What about permutations? Is <R2, R1, R3, R4> different from <R4, R3, R1, R4>? If you don't want all permutation is there a requirement for the values to be ordered?

You said that you have 10 values in the table. Is that always 10 values or could it be more? Less?

And finally, what is the ultimate purpose that you will use all these combinations for?

Erland Sommarskog, SQL Server MVP, esquel@sommarskog.se
• Saturday, March 10, 2012 2:43 PM

I think I must give you figures to realise just how bad 10,000,000,000 Combanations are. Asuming each row in the result would only take up one byte, you would need 10,000,000,000/1024/1024/1024 = 9.3 GB of RAM.

No in reality each of these rows will be at least 1-10 byte, so on average they will be 5 byte each. That means you need 5 time 9.3 GB of RAM. So you would need around 46 GB. If you need them as Commaseperated String, things go up a notch (aroud twice the 46 GB).

And you do remember, that you propably have to send this to the client via the network. Wich measn you need that much on both ends.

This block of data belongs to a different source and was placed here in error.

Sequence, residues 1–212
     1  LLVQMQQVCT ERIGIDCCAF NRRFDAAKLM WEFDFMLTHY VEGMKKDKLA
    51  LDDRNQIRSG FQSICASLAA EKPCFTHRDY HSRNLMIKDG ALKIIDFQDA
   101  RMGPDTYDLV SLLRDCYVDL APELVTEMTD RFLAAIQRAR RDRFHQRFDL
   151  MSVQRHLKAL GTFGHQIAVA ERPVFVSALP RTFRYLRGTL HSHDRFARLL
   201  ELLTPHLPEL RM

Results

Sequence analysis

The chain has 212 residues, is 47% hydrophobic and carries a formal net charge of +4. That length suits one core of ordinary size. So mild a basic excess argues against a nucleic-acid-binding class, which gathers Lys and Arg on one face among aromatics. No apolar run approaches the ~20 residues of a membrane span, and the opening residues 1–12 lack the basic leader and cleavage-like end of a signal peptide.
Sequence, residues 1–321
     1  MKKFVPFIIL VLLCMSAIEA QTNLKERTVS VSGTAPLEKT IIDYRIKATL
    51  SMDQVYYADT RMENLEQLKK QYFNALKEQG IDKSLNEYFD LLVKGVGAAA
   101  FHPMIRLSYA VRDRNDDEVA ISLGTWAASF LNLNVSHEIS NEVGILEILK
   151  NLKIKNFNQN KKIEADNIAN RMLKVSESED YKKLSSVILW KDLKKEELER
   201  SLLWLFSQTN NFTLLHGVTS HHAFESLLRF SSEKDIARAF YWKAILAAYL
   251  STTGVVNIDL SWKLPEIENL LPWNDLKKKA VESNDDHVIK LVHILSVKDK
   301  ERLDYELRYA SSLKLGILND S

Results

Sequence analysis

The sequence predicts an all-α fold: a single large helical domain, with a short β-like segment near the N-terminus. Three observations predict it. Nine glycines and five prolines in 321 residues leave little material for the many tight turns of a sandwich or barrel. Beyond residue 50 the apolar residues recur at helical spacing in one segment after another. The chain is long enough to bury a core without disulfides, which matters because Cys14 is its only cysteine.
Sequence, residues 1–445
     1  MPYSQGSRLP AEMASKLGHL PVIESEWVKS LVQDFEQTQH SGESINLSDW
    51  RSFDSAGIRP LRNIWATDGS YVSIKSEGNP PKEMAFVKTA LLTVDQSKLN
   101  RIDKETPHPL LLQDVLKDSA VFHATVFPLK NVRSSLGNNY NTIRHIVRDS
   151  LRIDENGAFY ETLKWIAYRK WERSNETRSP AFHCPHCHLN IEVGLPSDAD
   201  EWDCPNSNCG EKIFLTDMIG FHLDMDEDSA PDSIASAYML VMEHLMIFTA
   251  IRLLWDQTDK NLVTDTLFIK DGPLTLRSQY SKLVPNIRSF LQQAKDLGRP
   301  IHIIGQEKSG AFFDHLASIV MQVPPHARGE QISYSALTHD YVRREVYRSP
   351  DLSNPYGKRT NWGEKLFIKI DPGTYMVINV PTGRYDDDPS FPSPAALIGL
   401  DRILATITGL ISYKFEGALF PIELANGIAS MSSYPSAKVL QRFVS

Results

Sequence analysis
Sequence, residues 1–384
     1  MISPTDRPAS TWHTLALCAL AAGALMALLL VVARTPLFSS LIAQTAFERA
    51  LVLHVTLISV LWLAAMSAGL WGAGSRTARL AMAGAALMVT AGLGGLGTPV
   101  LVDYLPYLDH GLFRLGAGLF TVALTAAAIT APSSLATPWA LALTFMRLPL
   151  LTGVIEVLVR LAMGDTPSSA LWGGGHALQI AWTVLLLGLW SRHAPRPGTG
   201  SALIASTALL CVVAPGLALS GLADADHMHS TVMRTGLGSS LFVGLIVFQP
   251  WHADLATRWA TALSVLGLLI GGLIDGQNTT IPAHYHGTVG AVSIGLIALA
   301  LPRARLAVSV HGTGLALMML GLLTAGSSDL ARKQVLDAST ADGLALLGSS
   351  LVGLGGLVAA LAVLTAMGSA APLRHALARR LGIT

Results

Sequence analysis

• Saturday, March 10, 2012 2:48 PM
Moderator

If you have only 10 rows and the values are unique (not necessarily), then you could enumerate each row (ROW_NUMBER), pivot the rows to columns (PIVOT), and then generate the combinations using GROUP BY CUBE().

DECLARE @T TABLE (
c1 int NOT NULL UNIQUE
);

INSERT INTO @T (c1)
VALUES
(1),
(2),
(3),
(4),
(5),
(6),
(7),
(8),
(9),
(10);

WITH R AS (
SELECT
ROW_NUMBER() OVER(ORDER BY c1) AS rn,
c1
FROM
@T
)
SELECT
*
FROM
R
PIVOT
(
MAX(c1)
FOR rn IN ([1], [2], [3], [4], [5], [6], [7], [8], [9], [10])
) AS P
GROUP BY
CUBE([1], [2], [3], [4], [5], [6], [7], [8], [9], [10])
HAVING
GROUPING_ID([1], [2], [3], [4], [5], [6], [7], [8], [9], [10]) < 1023;
GO
This query does not handle permutations.

AMB

Some guidelines for posting questions...

• Saturday, March 10, 2012 4:24 PM

 MY SELECT QUERY WILL RETURN ONLY ONE COLUMN AS FOLLOWS R1 R2 R3 R4 R5

BUT I WANT to get the following combinations

 R1 R2 R3 R4 R5 R1 R2 R3 R4 R1 R2 R3 R1 R2 R1 R1 R3 R4 R5 R1 R4 R5 R1 R5 R1 R4 R5 R1 R5 R1 R2 R3 R4 R5 R2 R3 R4 R2 R3 R2 R3 R4 R5 R3 R4 R4 R5 R5

ilikemicrosoft

• Saturday, March 10, 2012 6:07 PM